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green@work : Magazine : Back Issues : July/Aug 2003 : New Perspectives

New Perspectives

How Much Can We Give for All We Get?
Regenerative commerce and the new entrepreneurial spirit.

by William McDonough and Michael Braungart

“In America, there are powerful marketing devices to sell products like Coca-Cola and hamburgers. All I want to sell is good eyesight, and there are millions of people who need it.”
— Dr. Govindappa Venkataswamy

Commerce can be a powerful catalyst for social change. While many in the social sector still “shun trading” like the aristocrats of old, an emerging group of innovators are developing exciting new business models that use the mechanisms of the marketplace to serve the greater good.

Employing the speed and vitality of capitalism, these social entrepreneurs are building enterprises that effectively deliver positive change. They are delivering high quality health services to the greatest number of people at the lowest possible cost, while serving needy children and elders virtually for free. They are providing loans to entrepreneurs too poor to qualify for traditional credit, allowing them to start small businesses. They are tapping into local renewable energy sources—sun, wind and water—to generate inexpensive power, support self-sufficient communities and spur sustainable economic growth.

The practitioners of these new business models are transforming conventional notions of profit, value and wealth. Instead of old-school capitalism’s narrow focus on the bottom line, which typically shrinks business activity into short-term profit making, social entrepreneurs are cost-effectively creating ecological, social and economic revenue, both in the short-term and for future generations. In doing so, they are beginning the work of building a truly regenerative economy whose benefits are shared by all.

How Much Can We Give?

When the legacy of an enterprise—its long-term value to the world—drives the business agenda, it unleashes the power of commerce to create a wide spectrum of positive effects. This is perhaps best understood by the new social entrepreneurs, whose value proposition is not “How much can I get for how little I give?”—the mantra of the old capitalism—but instead, “How much can we give for all we get?” Rather than focusing on the quarterly bottom line, this new question suggests a rich, inspiring pursuit of life-affirming wealth and productivity.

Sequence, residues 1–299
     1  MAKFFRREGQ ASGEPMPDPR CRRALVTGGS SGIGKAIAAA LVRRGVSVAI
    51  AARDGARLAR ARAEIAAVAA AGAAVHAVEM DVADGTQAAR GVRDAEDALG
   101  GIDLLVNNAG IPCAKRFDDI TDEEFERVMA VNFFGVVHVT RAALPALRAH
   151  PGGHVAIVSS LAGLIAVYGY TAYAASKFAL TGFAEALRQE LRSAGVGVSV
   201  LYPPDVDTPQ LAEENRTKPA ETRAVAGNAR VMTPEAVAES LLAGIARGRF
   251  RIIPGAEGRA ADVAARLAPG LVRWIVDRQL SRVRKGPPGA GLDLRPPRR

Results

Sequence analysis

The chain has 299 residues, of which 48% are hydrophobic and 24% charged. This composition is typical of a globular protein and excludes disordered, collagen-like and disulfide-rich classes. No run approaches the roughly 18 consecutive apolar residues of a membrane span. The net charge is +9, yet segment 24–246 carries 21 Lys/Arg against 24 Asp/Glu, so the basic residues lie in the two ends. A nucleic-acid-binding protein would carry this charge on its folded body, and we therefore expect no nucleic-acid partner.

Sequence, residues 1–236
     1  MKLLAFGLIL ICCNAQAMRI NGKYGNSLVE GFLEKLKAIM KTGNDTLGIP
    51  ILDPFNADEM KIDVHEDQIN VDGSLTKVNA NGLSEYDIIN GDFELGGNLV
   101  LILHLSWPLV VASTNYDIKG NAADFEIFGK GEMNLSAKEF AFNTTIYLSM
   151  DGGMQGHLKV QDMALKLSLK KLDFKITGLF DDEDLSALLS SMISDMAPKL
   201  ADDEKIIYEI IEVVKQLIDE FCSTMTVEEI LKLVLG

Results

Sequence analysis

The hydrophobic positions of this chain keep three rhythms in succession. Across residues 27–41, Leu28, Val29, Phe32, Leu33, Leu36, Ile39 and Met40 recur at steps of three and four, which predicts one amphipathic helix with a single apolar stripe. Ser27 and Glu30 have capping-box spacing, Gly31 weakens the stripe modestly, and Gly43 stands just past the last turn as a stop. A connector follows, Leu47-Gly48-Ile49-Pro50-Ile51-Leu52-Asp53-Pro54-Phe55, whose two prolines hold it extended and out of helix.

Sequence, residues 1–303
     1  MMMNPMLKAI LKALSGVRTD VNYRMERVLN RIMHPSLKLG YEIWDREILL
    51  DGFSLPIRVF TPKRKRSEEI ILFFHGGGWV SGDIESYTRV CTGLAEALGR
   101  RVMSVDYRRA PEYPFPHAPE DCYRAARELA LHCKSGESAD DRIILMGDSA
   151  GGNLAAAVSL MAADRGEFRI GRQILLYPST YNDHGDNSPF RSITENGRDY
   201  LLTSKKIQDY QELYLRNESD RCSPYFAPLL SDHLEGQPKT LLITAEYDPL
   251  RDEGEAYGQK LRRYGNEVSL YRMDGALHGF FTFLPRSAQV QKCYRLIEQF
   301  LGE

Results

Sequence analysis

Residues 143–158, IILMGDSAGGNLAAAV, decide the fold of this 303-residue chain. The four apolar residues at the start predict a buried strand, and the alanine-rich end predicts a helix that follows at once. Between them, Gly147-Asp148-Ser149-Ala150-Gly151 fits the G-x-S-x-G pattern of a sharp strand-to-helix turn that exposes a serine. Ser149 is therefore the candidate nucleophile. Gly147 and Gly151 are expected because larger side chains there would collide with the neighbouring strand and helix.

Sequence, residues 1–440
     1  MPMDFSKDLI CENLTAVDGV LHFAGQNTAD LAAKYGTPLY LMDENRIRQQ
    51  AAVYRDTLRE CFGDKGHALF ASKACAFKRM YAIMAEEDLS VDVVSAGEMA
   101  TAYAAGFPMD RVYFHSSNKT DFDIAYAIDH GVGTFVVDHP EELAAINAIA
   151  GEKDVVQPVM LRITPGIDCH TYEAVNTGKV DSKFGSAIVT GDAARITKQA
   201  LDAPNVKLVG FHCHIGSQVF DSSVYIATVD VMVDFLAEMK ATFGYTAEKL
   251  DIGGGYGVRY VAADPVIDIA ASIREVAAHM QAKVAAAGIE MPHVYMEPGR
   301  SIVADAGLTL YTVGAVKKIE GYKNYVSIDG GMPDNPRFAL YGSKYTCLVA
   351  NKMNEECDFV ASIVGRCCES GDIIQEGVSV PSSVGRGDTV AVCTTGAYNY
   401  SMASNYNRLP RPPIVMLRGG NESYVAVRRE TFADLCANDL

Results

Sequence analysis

“How much can we give for all we get?” is fundamentally a design question. When asked throughout the design process it guides entrepreneurs toward products, facilities and business models that grow ecological and social revenue while generating economic health. The goal is good growth for all. Instead of simply seeking to reduce the negative impacts of economic activity—the reductivist’s attempt to be “less bad”—we can develop businesses built on a wholly positive agenda that aims to enhance the human footprint, leaving behind wetlands and clean water, prosperity and nutrition, fertile farmland and healthy children.

This is not just wishful thinking. Enhancing the positive effects of business is a fundamental outcome of our ongoing work with our commercial clients, and it’s also one of the key goals driving the successful ventures of today’s social entrepreneurs.

Consider the business model developed by the Indian ophthalmologist, Dr. Govindappa Venkataswamy. At age 55, after a distinguished career as one of the most admired cataract surgeons in India, Dr. V, as he is known, began to wonder how he could deliver sight-restoring operations to many more of those in need.

“In America, there are powerful marketing devices to sell products like Coca-Cola and hamburgers,” Dr. V told Fast Company’s Harriet Rubin. “All I want to sell is good eyesight, and there are millions of people who need it.”

Indeed, 20 million people in India are without sight, most of whom suffer from cataracts. To serve them, Dr. V opened Aravind Eye Hospital, a 12-bed clinic in his brother’s home in Madurai, India, and offered cataract surgery for free. Today, Dr. V runs five hospitals that perform more than 200,000 operations each year. Since opening his first hospital in 1976, the Aravind clinics have given sight to more than one million people.